Friday, May 12, 2017

I Remember Mamma

Written by  Rabbi Jan Dodi

Mother’s Day is quickly approaching. My mom passed almost seven months ago. This will be my first without her. We didn’t have a good relationship, and near the end, we didn’t have one at all. Her mind slipped away, her worst attributes came to the surface, and it was difficult for all. But even then, the ritual continued. I would order her chocolate-covered strawberries to be delivered the day before. I would call on Mother’s Day and remind her of who I was. Sometimes she remembered, and sometimes she did not. But it didn’t matter, I remembered her.

I know so many of you are also without your mother this year. Some have left many years ago and many turned their backs on you and some of you never had one at all. It doesn’t make it easier.

When we lose a loved one, people send condolences, flowers, notes, etc. In Judaism, there are two phrases you will hear a lot. “May you be comforted among all who mourn…” and “May their memory be for a blessing to all who knew them.” Being recognized as a mourner is to put you into a category which is supposed to make you feel not alone. The other is to remind you of the memories of a loved one and bring them to mind. In doing so, you keep that person’s memory alive.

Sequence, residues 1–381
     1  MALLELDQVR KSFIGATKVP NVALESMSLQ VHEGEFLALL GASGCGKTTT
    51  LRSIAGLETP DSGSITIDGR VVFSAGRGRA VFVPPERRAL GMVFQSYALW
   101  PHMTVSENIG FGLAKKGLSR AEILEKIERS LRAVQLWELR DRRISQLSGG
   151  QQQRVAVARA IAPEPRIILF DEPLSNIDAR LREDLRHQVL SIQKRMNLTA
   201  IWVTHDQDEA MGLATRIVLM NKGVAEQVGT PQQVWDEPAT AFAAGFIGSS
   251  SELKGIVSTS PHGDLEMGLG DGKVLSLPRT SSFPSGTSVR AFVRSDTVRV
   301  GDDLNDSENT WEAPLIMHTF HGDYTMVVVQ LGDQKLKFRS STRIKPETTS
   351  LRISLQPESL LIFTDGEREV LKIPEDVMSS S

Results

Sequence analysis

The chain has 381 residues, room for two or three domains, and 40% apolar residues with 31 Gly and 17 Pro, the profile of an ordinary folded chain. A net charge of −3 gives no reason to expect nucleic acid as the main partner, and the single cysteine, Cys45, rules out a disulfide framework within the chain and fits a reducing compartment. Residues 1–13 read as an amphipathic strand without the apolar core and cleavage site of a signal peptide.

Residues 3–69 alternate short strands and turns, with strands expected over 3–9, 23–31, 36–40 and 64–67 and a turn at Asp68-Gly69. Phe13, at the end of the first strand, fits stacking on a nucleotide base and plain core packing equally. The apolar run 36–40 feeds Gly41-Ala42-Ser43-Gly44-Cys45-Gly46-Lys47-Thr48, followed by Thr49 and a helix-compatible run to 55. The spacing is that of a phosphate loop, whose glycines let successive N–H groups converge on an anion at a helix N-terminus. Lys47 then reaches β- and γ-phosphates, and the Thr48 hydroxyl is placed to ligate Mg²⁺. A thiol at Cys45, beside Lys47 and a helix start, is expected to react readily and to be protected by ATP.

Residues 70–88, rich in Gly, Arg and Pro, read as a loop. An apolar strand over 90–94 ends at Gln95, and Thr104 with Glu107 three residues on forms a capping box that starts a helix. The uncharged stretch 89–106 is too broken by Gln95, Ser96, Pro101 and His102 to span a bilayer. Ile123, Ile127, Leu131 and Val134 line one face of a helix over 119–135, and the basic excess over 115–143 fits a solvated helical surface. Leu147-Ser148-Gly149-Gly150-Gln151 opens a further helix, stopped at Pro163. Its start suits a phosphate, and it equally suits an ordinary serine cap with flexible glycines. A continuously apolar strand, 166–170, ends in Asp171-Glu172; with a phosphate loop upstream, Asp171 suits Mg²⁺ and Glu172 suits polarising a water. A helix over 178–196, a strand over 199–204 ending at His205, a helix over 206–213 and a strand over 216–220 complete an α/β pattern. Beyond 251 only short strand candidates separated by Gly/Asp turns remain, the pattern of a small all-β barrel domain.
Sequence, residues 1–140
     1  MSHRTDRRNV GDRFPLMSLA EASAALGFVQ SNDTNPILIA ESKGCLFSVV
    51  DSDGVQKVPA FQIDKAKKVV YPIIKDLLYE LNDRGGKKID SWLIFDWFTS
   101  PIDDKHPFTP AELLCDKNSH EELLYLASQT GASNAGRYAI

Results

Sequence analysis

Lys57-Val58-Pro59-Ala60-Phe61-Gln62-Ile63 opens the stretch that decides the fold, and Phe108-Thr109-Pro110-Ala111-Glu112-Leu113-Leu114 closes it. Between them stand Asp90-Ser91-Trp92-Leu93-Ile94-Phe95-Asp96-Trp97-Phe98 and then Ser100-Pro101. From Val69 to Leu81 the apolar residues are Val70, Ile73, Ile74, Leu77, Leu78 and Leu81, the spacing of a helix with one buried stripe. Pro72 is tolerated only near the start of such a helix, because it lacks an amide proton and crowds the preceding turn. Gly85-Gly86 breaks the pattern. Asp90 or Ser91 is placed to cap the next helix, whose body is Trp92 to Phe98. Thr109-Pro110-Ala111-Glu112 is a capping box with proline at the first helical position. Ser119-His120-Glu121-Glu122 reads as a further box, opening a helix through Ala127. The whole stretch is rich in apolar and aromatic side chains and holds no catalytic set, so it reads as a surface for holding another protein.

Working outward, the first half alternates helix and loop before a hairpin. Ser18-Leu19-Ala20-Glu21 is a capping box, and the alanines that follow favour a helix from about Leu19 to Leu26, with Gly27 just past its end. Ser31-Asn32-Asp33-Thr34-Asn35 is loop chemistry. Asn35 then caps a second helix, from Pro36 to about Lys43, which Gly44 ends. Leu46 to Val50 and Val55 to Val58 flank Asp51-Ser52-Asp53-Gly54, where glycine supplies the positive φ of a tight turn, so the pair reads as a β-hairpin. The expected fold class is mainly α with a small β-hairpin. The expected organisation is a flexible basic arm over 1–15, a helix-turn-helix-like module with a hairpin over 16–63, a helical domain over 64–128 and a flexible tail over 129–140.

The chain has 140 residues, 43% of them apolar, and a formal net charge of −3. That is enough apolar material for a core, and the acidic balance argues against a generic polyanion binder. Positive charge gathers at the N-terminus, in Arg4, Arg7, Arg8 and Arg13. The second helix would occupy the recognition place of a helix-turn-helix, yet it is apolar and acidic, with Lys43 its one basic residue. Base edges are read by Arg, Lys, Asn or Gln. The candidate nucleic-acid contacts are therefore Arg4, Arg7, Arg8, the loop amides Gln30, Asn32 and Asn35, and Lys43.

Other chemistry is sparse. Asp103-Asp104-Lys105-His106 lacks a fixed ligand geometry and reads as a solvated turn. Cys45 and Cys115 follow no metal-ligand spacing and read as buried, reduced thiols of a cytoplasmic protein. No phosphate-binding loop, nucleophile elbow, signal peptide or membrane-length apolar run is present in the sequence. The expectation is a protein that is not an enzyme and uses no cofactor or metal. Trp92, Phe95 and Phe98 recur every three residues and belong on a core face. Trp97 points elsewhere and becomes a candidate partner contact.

But what should we do? Those still here. I will spend the day with loved ones the way I always do. My family is close by and I will see them on or near Sunday. They will call and let me know they are thinking of me. That will bring me joy. We will spend the day with my other family, taking my mind off of my loss. Grandkids and noise, food, and company will keep me busy.

A dear friend has a memory garden for all those they have lost over the years. A beautiful tribute to those he loved. He started one for us last year, so perhaps I will plant something. Maybe this will be a new ritual for me.

I listen to many, sit with them after a loss, console them (or at least try). It is different when it is yourself experiencing the loss. I suppose after I leave someone and they are alone, they experience just what I have. Many of you have had to deal with this loss many, too many times, over. What can I say to you? Dig deep, remember those you who are no longer in your lives, hopefully with a happy memory (but a memory nonetheless). Hold on to that memory. Let it live on in you. Reach out and hold it.

Create a ritual that works for you. Whether it is laying flowers, lighting a candle, looking at pictures, visiting familiar places, surrounding yourself with friends or family, planting a rose bush. It doesn’t matter. What matters is that you do it for yourself. We, the living, go on living. We need to find ways to enhance our lives when we hurt.

For all of you celebrating Mother’s Day – may it be a joyous one.

For the rest, may you find a way to remember, celebrate, commemorate, or be comfortable just being. However, you deal with loss, may you find solace knowing you are not alone. So many in our community have shared this experience. Maybe the ritual of saying you are not alone is a good reminder, we join the ranks of some many others who have loved and lost someone. We are not alone. Maybe that is what I need to take from all this. May you find what you need. Blessings to all.

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